CMS Finalizes Final Rule Increasing Regulations on Medicare Advantage Plans’ Use of Prior Authorization


A new final rule from the Centers for Medicare and Medicaid Services adopts many proposals to reform how Medicare Advantage plans use prior authorization. The federal government has been increasing its scrutiny of how health plans overuse of prior authorization creates administrative burdens and impacts patient care. A 2022 HHS Office of Inspector General (OIG) report on Medicare Advantage plans’ use of prior authorization found that 13% of prior authorization requests and 18% of payment denial requests were not properly executed by Medicare Advantage plans, mainly due to human error. These concerns are further supported by a 2021 survey by MGMA which found that 88% of providers find prior authorization requirements “very or extremely burdensome,” an increase from 82% in 2018.

The final rule requires a medical professional used by a MA plan for prior authorization to have expertise relevant to the field of service related to the prior authorization request. CMS will also require all Medicare Advantage plans to establish a Utilization Management Committee to review prior authorization policies on a yearly basis and ensure that policies are consistent with traditional Medicare’s national and local coverage decisions and guidelines.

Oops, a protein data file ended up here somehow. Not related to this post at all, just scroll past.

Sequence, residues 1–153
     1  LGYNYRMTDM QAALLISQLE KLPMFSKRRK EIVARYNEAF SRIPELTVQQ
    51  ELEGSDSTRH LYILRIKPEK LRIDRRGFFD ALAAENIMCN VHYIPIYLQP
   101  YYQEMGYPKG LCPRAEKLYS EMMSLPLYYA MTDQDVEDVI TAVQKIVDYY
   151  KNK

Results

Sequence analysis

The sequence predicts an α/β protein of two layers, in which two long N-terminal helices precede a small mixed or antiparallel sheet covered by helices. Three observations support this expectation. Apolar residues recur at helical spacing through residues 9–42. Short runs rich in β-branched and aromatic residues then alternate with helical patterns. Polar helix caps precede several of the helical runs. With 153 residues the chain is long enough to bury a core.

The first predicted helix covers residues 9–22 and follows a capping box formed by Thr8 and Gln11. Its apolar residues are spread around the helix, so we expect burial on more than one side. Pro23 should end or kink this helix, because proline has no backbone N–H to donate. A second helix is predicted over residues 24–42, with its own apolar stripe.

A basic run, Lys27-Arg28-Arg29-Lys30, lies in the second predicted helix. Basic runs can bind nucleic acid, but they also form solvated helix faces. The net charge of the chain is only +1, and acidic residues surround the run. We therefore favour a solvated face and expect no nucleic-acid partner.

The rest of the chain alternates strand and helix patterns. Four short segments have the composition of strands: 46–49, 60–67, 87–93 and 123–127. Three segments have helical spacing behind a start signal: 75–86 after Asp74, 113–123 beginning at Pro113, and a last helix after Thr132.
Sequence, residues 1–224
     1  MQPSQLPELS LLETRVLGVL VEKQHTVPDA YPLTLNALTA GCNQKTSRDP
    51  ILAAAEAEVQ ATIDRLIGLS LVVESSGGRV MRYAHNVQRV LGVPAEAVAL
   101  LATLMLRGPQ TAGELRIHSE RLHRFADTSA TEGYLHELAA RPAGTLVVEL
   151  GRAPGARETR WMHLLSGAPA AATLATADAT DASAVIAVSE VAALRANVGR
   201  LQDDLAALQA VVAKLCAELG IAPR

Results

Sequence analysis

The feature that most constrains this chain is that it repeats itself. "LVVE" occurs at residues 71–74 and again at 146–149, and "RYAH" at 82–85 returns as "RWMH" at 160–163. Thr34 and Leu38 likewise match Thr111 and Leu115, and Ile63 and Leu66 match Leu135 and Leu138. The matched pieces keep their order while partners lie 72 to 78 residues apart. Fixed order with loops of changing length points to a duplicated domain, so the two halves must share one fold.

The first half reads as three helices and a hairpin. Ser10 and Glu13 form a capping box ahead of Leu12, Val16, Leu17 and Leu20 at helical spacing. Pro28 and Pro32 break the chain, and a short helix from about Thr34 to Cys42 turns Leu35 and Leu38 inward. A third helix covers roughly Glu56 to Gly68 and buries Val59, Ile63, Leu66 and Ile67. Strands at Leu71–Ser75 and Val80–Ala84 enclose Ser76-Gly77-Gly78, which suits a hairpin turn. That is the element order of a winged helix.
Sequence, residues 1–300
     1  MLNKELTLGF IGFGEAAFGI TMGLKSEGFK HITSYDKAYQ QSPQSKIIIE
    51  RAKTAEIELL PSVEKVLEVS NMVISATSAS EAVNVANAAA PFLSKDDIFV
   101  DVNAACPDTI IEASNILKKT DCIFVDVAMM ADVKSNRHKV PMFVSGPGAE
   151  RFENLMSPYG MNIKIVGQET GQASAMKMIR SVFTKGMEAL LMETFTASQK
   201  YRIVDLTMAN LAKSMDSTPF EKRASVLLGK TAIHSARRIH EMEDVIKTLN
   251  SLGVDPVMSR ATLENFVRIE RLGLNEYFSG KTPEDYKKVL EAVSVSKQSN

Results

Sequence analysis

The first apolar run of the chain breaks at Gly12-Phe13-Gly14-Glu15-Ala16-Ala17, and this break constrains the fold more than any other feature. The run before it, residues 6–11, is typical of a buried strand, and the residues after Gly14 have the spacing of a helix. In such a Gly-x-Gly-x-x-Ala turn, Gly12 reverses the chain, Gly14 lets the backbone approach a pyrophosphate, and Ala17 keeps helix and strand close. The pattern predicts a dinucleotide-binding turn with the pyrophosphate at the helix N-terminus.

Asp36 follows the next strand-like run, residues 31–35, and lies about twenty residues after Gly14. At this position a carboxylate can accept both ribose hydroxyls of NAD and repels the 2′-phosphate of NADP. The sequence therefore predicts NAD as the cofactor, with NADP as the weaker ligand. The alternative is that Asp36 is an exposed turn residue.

Outside of prior authorization, the finalized provisions require MA plans to be more transparent about coverage decisions for scenarios with no existing Medicare coverage requirement. Starting in 2024, MA plans will be required to provide “current evidence of widely used treatment guidelines or clinical literature” to CMS and providers when developing internal coverage criteria in circumstances where no applicable Medicare statute, National Coverage Determinations, or Local Coverage Determinations determine whether an item should be covered.

MA plans will also be required to provide a 90-day continuity of care transition period when an enrollee receiving treatment for a medical issue switches to a new Medicare Advantage plan. If a primary care or behavioral health provider is dropped from a Medicare Advantage plan’s network, the plan must notify its beneficiaries.

CMS is also trying to improve how it regulates MA marketing practices. Medicare Advantage plans will be prohibited from using the Medicare name and logo in their advertising and will be required to specify the name of the plan in those ads.

Finally, CMS is finalizing a new health equity measure that will begin in 2027. This measure is intended to encourage Medicare Advantage plans to improve their services for patients who are dual-eligible, receive low-income subsidies, and receive disability benefits, in addition to expanding the population list that plans must provide culturally competent care.

Last year, Congress attempted to pass legislation to streamline prior authorization, but that legislation ultimately did not pass. While CMS proposed to adopt most of the provisions from that legislation in a different regulation, it is not yet clear if Congress will attempt to pass that bill again due to its estimated cost. A revised version of that cost estimate shows a lower budgetary impact, but the score will likely still be too high for Congress to stomach.